teaches the association of "gun" with "toy".
I do not think guns should be banned; there are the Constitutional reasons,
there are certain social reasons, and there are recreational reasons - to
me, shooting was very much like how I've heard a few people describe Zen
I was, however, taught from the time I could get around the house that the
guns were NOT toys. THey were dangerous items. Not dangerous in that they
're going to jump out of the cabinet and harm anyone (I know that sounds
stupid but I've come across peole who just about seem to beelive something
similar), but dangerous in that mishandling can lead to terrible incidents.
My objection to giving kids realistic toy guns is that, as with so many
other things, it blurs the line between what is fantasy/play, and what is
I think you're looking at this from a purely adult point of view, and not
taking psychology, especially child psychology, into account. It (is* true
that there are a lot of cases where "modern views" are far too
overprotective (such as the nanocephalic nonsense about not wanting to make
children fearful by teaching them to be wary of stragers and to not get
into cars with strangers). OTOH, it's also true that there are increasing
numbers of incidences where toys/games/etc. blur, and nearly erase, the
distinction between, as above, fantasy/play, and reality, especially the
reality of harming others. Certain games and toys are fine for adults, but
children are not little adults.
The whole point is that the "toys" *LOOK* real - no distinction can be made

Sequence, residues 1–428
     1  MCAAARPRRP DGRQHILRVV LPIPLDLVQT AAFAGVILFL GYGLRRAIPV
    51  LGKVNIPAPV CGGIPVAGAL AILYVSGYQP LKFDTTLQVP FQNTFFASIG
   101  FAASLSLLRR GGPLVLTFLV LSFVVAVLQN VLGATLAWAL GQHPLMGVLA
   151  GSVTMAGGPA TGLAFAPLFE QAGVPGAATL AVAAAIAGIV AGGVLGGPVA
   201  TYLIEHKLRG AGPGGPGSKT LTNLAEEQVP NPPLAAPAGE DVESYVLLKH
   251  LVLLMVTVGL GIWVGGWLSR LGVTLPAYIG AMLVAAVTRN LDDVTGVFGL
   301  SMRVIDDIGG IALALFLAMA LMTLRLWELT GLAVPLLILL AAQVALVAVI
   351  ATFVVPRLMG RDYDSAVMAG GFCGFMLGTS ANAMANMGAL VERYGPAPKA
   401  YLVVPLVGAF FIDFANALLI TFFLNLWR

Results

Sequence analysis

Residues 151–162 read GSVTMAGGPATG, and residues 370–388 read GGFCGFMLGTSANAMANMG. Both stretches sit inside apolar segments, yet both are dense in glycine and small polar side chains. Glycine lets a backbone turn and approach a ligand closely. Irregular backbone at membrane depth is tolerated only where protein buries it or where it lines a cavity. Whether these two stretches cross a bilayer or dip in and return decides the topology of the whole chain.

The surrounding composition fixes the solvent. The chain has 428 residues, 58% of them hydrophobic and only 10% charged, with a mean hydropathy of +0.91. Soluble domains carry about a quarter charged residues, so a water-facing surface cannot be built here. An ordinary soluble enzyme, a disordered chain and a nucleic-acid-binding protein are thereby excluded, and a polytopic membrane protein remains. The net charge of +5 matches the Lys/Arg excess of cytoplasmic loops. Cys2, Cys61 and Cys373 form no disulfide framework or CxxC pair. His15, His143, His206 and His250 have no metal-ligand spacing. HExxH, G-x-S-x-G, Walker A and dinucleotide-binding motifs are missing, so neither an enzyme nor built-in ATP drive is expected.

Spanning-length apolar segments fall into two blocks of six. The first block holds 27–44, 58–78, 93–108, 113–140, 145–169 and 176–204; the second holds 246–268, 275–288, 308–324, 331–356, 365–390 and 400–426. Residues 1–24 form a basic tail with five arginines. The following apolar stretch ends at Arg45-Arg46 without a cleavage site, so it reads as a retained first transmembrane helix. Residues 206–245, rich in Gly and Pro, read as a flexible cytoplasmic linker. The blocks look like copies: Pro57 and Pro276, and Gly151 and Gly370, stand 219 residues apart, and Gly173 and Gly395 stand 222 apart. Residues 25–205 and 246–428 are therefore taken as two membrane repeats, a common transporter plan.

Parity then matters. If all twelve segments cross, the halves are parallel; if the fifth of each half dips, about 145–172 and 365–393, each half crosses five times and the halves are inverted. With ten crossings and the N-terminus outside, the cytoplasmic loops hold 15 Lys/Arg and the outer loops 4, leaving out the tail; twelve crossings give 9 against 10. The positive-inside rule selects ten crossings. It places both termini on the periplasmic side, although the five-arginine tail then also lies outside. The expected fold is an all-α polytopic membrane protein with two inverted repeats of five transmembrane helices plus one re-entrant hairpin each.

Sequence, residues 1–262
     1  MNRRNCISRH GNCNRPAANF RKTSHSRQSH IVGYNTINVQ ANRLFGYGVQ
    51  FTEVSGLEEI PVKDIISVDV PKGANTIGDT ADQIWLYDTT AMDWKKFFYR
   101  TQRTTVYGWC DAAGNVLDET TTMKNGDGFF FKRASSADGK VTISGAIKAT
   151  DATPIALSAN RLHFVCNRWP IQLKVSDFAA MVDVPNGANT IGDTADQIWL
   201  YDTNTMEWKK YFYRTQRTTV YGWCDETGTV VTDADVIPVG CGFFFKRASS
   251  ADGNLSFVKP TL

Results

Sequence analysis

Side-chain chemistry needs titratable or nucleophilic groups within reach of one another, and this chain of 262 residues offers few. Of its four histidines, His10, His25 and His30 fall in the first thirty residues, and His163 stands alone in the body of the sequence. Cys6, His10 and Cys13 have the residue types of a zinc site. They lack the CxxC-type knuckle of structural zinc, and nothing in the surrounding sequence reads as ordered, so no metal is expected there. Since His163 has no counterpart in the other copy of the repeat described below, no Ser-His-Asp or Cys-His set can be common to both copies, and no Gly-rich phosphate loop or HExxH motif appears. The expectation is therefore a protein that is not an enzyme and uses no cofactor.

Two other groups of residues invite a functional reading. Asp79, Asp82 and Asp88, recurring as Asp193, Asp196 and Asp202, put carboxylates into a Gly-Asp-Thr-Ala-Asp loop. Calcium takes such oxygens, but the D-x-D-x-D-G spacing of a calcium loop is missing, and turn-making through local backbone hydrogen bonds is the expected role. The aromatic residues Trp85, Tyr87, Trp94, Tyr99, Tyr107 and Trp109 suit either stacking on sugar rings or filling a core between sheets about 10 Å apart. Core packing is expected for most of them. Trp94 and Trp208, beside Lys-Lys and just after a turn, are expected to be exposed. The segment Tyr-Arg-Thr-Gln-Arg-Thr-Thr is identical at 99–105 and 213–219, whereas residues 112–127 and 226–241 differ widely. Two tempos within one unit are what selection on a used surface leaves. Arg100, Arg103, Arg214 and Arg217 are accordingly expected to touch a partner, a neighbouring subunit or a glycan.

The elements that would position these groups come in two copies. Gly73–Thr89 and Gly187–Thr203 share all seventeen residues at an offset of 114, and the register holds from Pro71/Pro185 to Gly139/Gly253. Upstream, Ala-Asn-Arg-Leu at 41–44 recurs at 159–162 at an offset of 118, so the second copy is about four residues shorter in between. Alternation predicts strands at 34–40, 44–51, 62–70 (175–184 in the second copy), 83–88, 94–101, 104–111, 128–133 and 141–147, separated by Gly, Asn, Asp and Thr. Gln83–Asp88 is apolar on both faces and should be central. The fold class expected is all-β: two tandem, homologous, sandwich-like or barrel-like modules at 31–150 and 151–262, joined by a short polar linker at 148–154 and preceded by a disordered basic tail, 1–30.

by the victim. Therefore, the *threat* is identical, whether the thing is
a toy, or a functioning weapon.
In any event, though, asking whether one would "prefer" one or another
threat is meaningless. I don't want to be threatened at all. I know how
I've reacted to threats in the past and to be honest, if I "nuked" someone
and then found out later that the perceived weapon was actually a toy, I'd
go out of my mind. And sorry, but even in a civilian threat situation,
people can't just sit around pondering the appearance of a weapon to
determine it's level of functionality, as tho' they're watching some cutsey
Disney cartoon. A person sees a gun pulled, and that person reacts withing
seconds, and typically out of instinct. It's necessary, because a person
intent upon shooting others isn't going to just mosey around singing
national anthems of the world before doing something.
And if someone is going to wave a gun around in public, or something that
looks *exactly* like a functional gun, the plain fact is that he has to be
prepared for the consequences. IOW, that people *will* react instantly.
Because of that, Kids with these dumbass "toys" have been shot and killed.
That alone should be a good enough for people to not give the things to
kids. But people are stupid, and one sad fact about society is that there
is always an urge to try to protect people from their own stupidity.
Personally, I think that, when incedents occur because of kids with
realistic toy guns, the people who gave the things to the kids should be
presecuted. Even if it's the parents. It's a careless, uncaring,
neglectful, and IMO criminal act to give a kid something that is *highly*
likely, esp. in today's climate, to get the child killed. I'm personally
tired of people using stupidity as a synonym for innocence.
OTOH, peopole *do* and *will* give the things to kids, if the things are
available to purchase, so pulling them off the market, or at least, off the
general market, might at least be a stopgap measure.
IMO it would be acceptable to make the things avaialable on a limited basis
to adults who are capable of citing their awareness of the potential
consequences. They should *not* be sold at Toys'R'Us or any other store
that focuses on children's goods.
As for adults with bad intentions - the problem is that a person intent